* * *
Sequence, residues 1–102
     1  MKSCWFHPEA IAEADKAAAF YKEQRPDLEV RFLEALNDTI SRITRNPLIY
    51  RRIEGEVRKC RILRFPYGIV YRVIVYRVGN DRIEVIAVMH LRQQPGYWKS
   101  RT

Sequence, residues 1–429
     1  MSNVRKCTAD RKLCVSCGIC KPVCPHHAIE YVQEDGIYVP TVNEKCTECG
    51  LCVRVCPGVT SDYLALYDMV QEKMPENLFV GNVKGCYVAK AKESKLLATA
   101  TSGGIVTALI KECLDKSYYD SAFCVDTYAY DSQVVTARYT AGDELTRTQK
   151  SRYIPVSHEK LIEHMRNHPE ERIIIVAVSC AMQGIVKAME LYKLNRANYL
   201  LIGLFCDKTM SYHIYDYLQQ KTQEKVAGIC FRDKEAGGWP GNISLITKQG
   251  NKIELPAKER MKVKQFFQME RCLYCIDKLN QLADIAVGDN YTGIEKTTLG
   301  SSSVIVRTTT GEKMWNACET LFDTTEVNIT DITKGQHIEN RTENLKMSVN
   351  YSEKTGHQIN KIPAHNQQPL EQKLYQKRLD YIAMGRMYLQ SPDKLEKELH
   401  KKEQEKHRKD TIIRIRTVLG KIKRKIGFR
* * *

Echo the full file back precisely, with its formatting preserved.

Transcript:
Sequence, residues 1–102
     1  MKSCWFHPEA IAEADKAAAF YKEQRPDLEV RFLEALNDTI SRITRNPLIY
    51  RRIEGEVRKC RILRFPYGIV YRVIVYRVGN DRIEVIAVMH LRQQPGYWKS
   101  RT

Sequence, residues 1–429
     1  MSNVRKCTAD RKLCVSCGIC KPVCPHHAIE YVQEDGIYVP TVNEKCTECG
    51  LCVRVCPGVT SDYLALYDMV QEKMPENLFV GNVKGCYVAK AKESKLLATA
   101  TSGGIVTALI KECLDKSYYD SAFCVDTYAY DSQVVTARYT AGDELTRTQK
   151  SRYIPVSHEK LIEHMRNHPE ERIIIVAVSC AMQGIVKAME LYKLNRANYL
   201  LIGLFCDKTM SYHIYDYLQQ KTQEKVAGIC FRDKEAGGWP GNISLITKQG
   251  NKIELPAKER MKVKQFFQME RCLYCIDKLN QLADIAVGDN YTGIEKTTLG
   301  SSSVIVRTTT GEKMWNACET LFDTTEVNIT DITKGQHIEN RTENLKMSVN
   351  YSEKTGHQIN KIPAHNQQPL EQKLYQKRLD YIAMGRMYLQ SPDKLEKELH
   401  KKEQEKHRKD TIIRIRTVLG KIKRKIGFR